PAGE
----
To claim that the following Russian delights can be savoured on your doorstep would be a little optimistic and more than a little inaccurate – unless you live in London, UK. But should you find yourself in England’s capital around about now, then the eclectic combination of the following two attractions must surely be a big draw. That’s if you are interested in all things Russian, and I assume you are otherwise you wouldn’t be here!
London is currently hosting two intriguing exhibitions representing opposing ends of cultural innovation: at both street and stellar levels. One is of Soviet space hardware whilst the other details the bootleg one-time cultural phenomena of smuggled audio LP records cut into exposed X-Ray plates. Yes that last half-sentence was not a collection of randomly chosen words; there was an underground cultural movement that disseminated non state sanctioned audio by way of a very unusual and inventive medium. This week we look at the backstreets, next week: the stars.
X-Ray Audio – Bone Music 1948 – 1964
That’s the title of the exhibition at The Horse Hospital, Colonnade, Bloomsbury London WC1N 1JD. It runs until the 19th December 2015. Take a look at the site, here. There’s also a dedicated Squarespace page for “on the bone” Soviet audio, here.
On show is a fascinating snapshot (no pun intended) of an era when the Soviet state controlled all aspects of the media and ruthlessly put down “non-approved” forms of art that ostensibly threatened, criticised or (apparently) deviated from Communist ideology, somehow. You have to ask: what would the mighty Soviet regime really have to fear from a jazz track cut into someone’s X-Ray with a cigarette burnt-through centre hole? It makes little sense now, perhaps you just had to be there.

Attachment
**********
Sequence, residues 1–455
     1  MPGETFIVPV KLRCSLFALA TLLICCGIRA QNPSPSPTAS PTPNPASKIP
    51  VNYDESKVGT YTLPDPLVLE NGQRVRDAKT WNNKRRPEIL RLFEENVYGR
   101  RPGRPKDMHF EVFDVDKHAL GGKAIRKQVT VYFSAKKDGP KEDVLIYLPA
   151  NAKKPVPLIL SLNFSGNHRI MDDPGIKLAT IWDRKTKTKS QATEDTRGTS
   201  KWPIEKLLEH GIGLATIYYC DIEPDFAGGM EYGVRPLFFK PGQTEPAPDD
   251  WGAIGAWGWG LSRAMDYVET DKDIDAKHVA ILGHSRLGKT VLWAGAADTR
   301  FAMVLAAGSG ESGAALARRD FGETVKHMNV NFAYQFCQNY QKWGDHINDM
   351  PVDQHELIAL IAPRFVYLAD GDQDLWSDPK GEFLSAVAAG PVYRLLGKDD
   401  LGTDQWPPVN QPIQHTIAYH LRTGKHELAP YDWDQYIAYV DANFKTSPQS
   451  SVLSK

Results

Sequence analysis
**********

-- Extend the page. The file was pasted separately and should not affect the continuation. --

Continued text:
It was part of the samizdat scene; an underground form of socio-political dissent characterised by the distribution of forbidden books and other writings, music and associated media. Specifically, the samizdat audio in question was known as roentgenizdat, referencing Wilhelm Roentgen who discovered X-Rays and became the father of the photographic X-Ray process. Typically, the recordings in question were of established jazz or rock & roll artists and likely; pirated albums from revered Western exponents. However, the scene also encompassed the work of independent musicians, recording outside of the Soviet sphere of control.
This latter aspect has remarkable parallels with the Western punk ethos and indeed: the global alternative music scene today. It’s the DIY initiative, encapsulated by a recent quote on online mastering facility: LANDR’s Facebook page: “No one’s asking how do I get signed? anymore”.
Yes, that’s how far Soviet grassroots artists were ahead of us, way back in the 1940’s – 1960’s, although the mechanical technique itself is said to have emerged as early as the 1930’s.
The lengths and pains that participants in this underground cottage industry were prepared to endure were remarkable: involving the manufacture of homebrew recording and hand “cutting” equipment, the surreptitious acquisition of X-Rays from hospitals (!) and the ongoing dodging of state police. Not to mention, the technical expertise and effort involved – a million miles away from up/downloading a ripped CD!
Perhaps initially frowned upon; by 1958 the production and dissemination of roentgenizdat was decidedly illegal. Prison was a reality for many of those involved, yet some practitioners served their sentences and continued where they left off. Incredible.
Next week: Soviet Space artefacts hit the UK. There’s still time! Be there.
[Photo by lkcjjang40090]